On the other hand, there is considerable evidence that ECT itself kills people. 
Textbooks and consent forms claim that the risk of death from ECT is very small. The American Psychiatric Association (2001) has said (citing no references) “Published estimates from large and diverse patient series over several decades report up to 4 deaths per 100,000 treatments.” APA gives a “reasonable current estimate” of the risk as (at most) 1-in-10,000, which is the number quoted in many consent forms. This is far from an accurate estimate. 
Frank (1978) reviewed 28 articles in which psychiatrists had reported ECT-related deaths. Of 130,216 ECT patients, there were 90 ECT-related deaths, or one death per 1,447 people, seven times greater than the official APA claim. 
Impastato (1957) reported 254 deaths caused by ECT and calculated a mortality rate of one per 1,000 patients overall, with a death rate in people over age 60 of 1-in-200—fifty times higher than the American Psychiatric Association estimate. 
At the Mayo Clinic in Minnesota, 18 out of 2,279 ECT patients died within 30 days of treatment (Nuttall et al., 2004). The paper reporting this result claimed “all deaths appear to be unrelated to ECT,” despite six being “of unknown cause” and two being from heart attack or stroke (outcomes known to be associated with ECT). Eight additional patients died within two weeks, of “cardiac events.” What makes these results especially hard to explain is that ECT is usually not administered to anyone who isn’t in good physical health; and in this case, recipients had the advantage of being in the care of Mayo Clinic, one of the top health-care providers in the world.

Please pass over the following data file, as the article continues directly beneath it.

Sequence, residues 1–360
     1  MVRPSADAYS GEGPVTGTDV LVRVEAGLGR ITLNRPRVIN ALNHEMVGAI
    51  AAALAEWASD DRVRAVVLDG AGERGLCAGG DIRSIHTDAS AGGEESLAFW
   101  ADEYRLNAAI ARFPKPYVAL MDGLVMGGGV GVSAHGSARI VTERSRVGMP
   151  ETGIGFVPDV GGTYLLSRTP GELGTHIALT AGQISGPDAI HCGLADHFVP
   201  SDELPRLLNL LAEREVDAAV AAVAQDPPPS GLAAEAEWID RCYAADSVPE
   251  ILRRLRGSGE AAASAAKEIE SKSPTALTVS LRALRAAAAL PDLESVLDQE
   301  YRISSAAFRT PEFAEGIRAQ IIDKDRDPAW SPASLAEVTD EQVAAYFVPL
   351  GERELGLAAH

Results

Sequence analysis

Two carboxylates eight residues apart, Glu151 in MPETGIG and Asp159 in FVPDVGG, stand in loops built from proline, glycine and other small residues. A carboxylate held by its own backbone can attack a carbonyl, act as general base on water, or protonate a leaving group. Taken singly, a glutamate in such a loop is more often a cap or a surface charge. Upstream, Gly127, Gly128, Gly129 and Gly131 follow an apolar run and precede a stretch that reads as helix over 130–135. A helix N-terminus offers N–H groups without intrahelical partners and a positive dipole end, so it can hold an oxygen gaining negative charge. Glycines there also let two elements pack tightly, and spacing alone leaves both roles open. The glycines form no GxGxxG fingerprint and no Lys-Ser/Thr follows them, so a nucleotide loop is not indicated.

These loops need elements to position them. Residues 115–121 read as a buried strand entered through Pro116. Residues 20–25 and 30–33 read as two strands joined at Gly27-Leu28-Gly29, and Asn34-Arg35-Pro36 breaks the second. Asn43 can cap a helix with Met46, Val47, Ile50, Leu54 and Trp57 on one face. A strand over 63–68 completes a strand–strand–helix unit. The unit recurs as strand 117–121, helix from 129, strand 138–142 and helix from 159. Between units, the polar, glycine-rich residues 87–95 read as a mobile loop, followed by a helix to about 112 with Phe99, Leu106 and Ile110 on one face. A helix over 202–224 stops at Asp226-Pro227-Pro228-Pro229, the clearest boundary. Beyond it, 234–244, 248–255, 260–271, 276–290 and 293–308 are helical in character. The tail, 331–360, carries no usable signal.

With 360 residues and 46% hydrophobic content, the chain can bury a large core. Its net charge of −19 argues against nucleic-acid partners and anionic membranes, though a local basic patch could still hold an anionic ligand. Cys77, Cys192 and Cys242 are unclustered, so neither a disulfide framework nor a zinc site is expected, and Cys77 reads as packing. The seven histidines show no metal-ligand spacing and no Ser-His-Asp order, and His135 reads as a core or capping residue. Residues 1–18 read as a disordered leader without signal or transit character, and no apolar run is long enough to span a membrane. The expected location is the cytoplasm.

In a 1980 survey of British psychiatrists involving ECT–related deaths that occurred during or within 72 hours of treatment, there were four reported deaths in 2,594 patients (Pippard & Ellam, 1981). That’s a rate of one per 648.5 people—15 times greater than the American Psychiatric Association claim. Of the additional six people who died within a few weeks of ECT, two were from heart attacks and one from stroke (common causes of death from ECT). With these three deaths included, the rate becomes one death per 371 ECT patients. 
In a Norwegian survey, 3 out of 893 women—1 in 298—died as a result of ECT (Strensrud, 1958). 
Freeman and Kendell (1980) attempted to survey 183 patients who had received ECT in 1976, to determine their attitudes toward ECT treatment. However, 22 patients were either dead or “could not be traced.” Twelve were definitely dead; four had killed themselves. If we count only the two deaths that occurred during ECT, the mortality rate comes to 1 in every 92 patients. 
All of these findings show much higher mortality among ECT patients than has been claimed by APA. Consent forms do not cite data showing the true rate of death to be far greater than the 1-in-10,000 claimed by APA. Therefore, patients who consent to ECT are hardly doing so in an informed manner.

Today's post is adapted from Hack Your Depression. Full references to the studies mentioned above are given in that book as well as here. Please buy a copy for anyone you know who may be suffering from depression. More information (including free excerpts from the book) can be found at HackYourDepression.com.